F1 diary GP Japan 2015

Wilhelm
F1 diary GP Japan 2015
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V on Singapore Tuesday morning we went straight to Japan. Weeks earlier, my colleague Schmidt had raved about the small sushi shop in Tokyo that we had only discovered the previous year. Like at a German currywurst stall, the guests stand there at the counter and have one fish bite after the other served to order. But nothing came of it. When we arrived at 9:30 p.m., the door was shut in your face. We couldn't believe it.

Pork offal instead of raw fish

One should think that in Tokyo is one sushi restaurant next to another. But that's not the case. We wandered through the entire entertainment district 'Ginza' and only found one other shop - but it was also closed. Apparently, the Japanese like to go to bed earlier.

However, it is not always possible to see directly from the outside what is on the table inside. We then decided on a restaurant with a glowing billboard depicting a cartoon pig. Hopefully there will be a decent piece of meat here, we thought. But it was not like that. The menu in English showed a number of grilled wooden skewers with various giblets. You could choose between liver, tongue, uterus, heart, stomach, intestines or cartilage. Bon appetit.

Despite such experiences, we always like to travel to Japan. The people are friendly and reserved. Everything is clean and safe. The toilet seats are always preheated. And thanks to the Shinkansen express trains, you could cross the country in no time. The 350-kilometer route from Tokyo to Nagoya, for example, can be covered in over an hour and a half. Then it's only a stone's throw to our hotel in the small town of Shiroko.

Suzuka brings back Bianchi memories

To be honest, I was a bit queasy on the first trip to the racetrack on Wednesday. When the Ferris wheel of the adjoining amusement park came into view, the oppressive feeling that had arisen 12 months earlier when leaving the paddock came over me. Jules Bianchi's serious accident was the first fatal crash that I experienced directly on the track in my career as an F1 reporter. I will never forget this race.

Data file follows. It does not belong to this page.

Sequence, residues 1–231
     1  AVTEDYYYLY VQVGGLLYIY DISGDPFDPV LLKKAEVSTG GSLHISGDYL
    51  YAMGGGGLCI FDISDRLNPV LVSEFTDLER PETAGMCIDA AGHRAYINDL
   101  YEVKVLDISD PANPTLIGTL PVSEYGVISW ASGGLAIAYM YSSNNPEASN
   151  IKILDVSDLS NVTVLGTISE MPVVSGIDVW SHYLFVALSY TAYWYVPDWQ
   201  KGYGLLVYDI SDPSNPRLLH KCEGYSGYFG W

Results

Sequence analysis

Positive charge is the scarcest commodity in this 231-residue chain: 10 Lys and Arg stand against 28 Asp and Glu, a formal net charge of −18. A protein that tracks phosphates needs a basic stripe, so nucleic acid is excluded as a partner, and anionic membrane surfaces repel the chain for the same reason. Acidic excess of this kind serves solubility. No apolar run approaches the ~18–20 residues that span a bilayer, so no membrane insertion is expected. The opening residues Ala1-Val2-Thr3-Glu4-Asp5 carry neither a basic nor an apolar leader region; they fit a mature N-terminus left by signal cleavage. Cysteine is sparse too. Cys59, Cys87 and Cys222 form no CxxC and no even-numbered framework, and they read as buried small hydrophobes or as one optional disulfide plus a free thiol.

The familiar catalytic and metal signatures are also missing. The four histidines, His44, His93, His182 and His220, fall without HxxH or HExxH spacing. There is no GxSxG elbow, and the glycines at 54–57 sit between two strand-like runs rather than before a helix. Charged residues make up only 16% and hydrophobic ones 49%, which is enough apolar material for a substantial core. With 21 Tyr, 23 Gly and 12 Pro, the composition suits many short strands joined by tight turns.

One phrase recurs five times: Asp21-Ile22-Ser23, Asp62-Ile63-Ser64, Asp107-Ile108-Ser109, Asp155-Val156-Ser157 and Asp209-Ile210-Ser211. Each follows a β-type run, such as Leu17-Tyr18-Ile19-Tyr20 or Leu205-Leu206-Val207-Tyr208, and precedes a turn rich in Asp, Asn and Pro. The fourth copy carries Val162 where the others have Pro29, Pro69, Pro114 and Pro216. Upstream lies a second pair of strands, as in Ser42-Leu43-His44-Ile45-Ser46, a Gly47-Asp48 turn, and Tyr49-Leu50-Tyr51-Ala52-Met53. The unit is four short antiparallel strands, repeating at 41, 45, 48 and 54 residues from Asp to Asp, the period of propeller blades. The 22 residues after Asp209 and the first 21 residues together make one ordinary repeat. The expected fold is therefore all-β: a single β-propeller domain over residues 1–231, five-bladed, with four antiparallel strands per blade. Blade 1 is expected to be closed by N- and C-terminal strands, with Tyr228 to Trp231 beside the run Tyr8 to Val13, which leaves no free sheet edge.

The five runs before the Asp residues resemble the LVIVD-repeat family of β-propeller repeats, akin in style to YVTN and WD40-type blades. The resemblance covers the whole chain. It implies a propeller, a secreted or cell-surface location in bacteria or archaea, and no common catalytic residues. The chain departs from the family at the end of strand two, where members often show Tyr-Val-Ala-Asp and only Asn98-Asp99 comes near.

The first route naturally led us directly to the scene of the accident. We wanted the last few metersfeel for once on foot. Where did Bianchi lose control? How far is the way through the gravel bed? Where exactly was the crane? How did the terrible accident happen? I left a small dedication with a ballpoint pen on the adjacent pile of tires. Instead of mobile recovery cranes, a fixed crane with a long boom has now been placed there to recover stranded cars.

A lot has happened in terms of safety in the last 12 months. But I could hardly believe my eyes at the frame race of the Japanese junior formula series on Saturday. In the fast 130R bend, a driver landed in the tire wall. The car was pulled out of the gravel by an excavator without using the safety car. Only yellow flags were waved at the scene of the accident. I was stunned.

Lotus mechanics are outdoors

The situation around Lotus also caused disbelief . The team hadn't paid their bills and couldn't get a key to the pavilion in the paddock. Sea freight was also held back. When setting up the garage on Wednesday, Force India had to help out with hydraulic fluid. It was an unworthy picture. Bernie Ecclestone invited the homeless mechanics to the Paddock Club canteen on Friday so they wouldn't have to starve to death. As a thank you, there was a group photo with kind regards to the F1 boss.

In terms of sport, the main question was why Mercedes was so fucked up in Singapore. The engineers supposedly found answers. But although the layout and conditions of the track were not comparable, there was some tension as to whether the bankruptcy would not repeat itself. She didn't. Rosberg took the pole position in a superior manner. Hamilton won the race. Then Rosberg complained about the world champion's excessive tackle. But Hamilton smiled confidently away from the complaints.

Apr├ęs victory party with Mercedes

Even with the Mercedes engineers, the mood was exuberant after the double victory. In the late evening we met the technicians again in a restaurant in Shiroko. The auto motor und sport delegation was spontaneously invited for a beer. That was a nice change. When I'm in the pit lane with my camera on the hunt for technical details, the guys with the star on their chest are usually much less relaxed.

On Monday we finally went back home. The flight connection, however, was more than modest. Only at 11.30 p.m. did our plane take off for Singapore. During the stopover we had to spend another eight and a half hours the next morning before we went on to Frankfurt. Incidentally, the smog was now much stronger than a week earlier during the race.

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